Tamsulosin and other alpha-1 adrenergic receptor antagonists may cause eye surgery complications

This week I went to a continuing education event for optometrists where one of the speakers, ophthalmologist Dr Joshua Hann showed images of complications encountered during cataract surgery due to the patient having a floppy iris. And let me tell you, it wasn’t pretty. He mentioned that alpha-1 adrenergic receptor antagonists were the cause, and that the complications could arise in people who are taking or have taken this type of medication.

During his presentation, Dr Hann mentioned that it would be great to raise awareness amongst GPs about this issue. Given that if people live into their 70s and beyond, they are likely to require cataract surgery, many thousands of people could be affected. And, it’s not just cataract surgeries that can be complicated due to this drug.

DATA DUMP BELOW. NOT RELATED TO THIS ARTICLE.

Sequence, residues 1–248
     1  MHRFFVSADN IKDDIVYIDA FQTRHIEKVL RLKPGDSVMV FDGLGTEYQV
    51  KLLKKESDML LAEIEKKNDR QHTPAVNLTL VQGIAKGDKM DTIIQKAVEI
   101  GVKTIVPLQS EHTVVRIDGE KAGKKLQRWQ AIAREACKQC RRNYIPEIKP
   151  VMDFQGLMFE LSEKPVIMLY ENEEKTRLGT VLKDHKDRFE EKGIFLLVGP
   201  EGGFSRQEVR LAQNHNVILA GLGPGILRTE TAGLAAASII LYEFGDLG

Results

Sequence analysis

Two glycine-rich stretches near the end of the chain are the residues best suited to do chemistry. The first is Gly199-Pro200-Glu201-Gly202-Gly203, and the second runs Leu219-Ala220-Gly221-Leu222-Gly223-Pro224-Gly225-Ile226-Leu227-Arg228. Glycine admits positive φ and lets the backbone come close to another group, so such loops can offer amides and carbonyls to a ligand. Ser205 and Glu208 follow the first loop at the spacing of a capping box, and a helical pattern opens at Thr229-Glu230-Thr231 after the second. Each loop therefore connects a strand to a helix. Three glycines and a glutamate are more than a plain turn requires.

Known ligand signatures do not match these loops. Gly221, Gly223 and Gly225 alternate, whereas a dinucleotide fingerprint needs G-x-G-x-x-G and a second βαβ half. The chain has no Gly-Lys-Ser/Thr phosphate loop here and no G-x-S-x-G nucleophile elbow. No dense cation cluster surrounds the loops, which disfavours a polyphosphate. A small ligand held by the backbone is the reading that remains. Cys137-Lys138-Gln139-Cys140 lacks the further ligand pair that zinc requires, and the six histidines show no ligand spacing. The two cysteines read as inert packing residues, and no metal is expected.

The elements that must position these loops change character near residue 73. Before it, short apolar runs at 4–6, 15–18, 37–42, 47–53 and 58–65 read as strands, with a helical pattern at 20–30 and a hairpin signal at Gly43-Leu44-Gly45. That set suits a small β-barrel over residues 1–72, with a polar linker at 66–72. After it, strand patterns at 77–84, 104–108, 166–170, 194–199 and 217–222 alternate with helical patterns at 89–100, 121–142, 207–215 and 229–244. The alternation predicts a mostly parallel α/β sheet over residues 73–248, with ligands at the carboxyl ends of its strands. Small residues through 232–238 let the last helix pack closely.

Then today I saw a media release published by the Royal Australian and New Zealand College of Ophthalmologists (RANZCO) outlining the fact that ophthalmologists are concerned about the product information for these medications not adequately addressing these potential complications.

Alpha-1 adrenergic receptor antagonists are typically used in the treatment of benign prostatic hyperplasia in men, and kidney stones in men and women. Click here for more information from RANZCO.

Now, as an optometrist, I have no business in suggesting alternative medications. That’s up to the medical practitioners out there. I am just the messenger.

Amanda – Founder My Health Career.

Facebook Twitter Linkedin Email

Speak Your Mind

*